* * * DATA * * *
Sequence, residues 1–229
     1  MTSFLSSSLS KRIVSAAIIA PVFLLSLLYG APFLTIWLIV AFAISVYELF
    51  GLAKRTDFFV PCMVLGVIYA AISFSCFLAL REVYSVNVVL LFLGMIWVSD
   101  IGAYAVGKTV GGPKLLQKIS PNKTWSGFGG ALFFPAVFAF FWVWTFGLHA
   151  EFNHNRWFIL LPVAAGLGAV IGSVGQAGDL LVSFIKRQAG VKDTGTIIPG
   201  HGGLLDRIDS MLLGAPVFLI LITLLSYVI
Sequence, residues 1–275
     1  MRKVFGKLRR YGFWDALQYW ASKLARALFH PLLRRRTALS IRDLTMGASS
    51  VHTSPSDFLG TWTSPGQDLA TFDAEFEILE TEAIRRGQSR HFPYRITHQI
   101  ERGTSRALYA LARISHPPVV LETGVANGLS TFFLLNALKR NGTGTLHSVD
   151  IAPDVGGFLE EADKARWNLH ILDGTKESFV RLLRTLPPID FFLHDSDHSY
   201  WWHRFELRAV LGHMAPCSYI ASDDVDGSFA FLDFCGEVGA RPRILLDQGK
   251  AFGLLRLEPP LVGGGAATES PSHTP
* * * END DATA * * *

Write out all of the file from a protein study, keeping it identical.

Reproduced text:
Sequence, residues 1–229
     1  MTSFLSSSLS KRIVSAAIIA PVFLLSLLYG APFLTIWLIV AFAISVYELF
    51  GLAKRTDFFV PCMVLGVIYA AISFSCFLAL REVYSVNVVL LFLGMIWVSD
   101  IGAYAVGKTV GGPKLLQKIS PNKTWSGFGG ALFFPAVFAF FWVWTFGLHA
   151  EFNHNRWFIL LPVAAGLGAV IGSVGQAGDL LVSFIKRQAG VKDTGTIIPG
   201  HGGLLDRIDS MLLGAPVFLI LITLLSYVI
Sequence, residues 1–275
     1  MRKVFGKLRR YGFWDALQYW ASKLARALFH PLLRRRTALS IRDLTMGASS
    51  VHTSPSDFLG TWTSPGQDLA TFDAEFEILE TEAIRRGQSR HFPYRITHQI
   101  ERGTSRALYA LARISHPPVV LETGVANGLS TFFLLNALKR NGTGTLHSVD
   151  IAPDVGGFLE EADKARWNLH ILDGTKESFV RLLRTLPPID FFLHDSDHSY
   201  WWHRFELRAV LGHMAPCSYI ASDDVDGSFA FLDFCGEVGA RPRILLDQGK
   251  AFGLLRLEPP LVGGGAATES PSHTP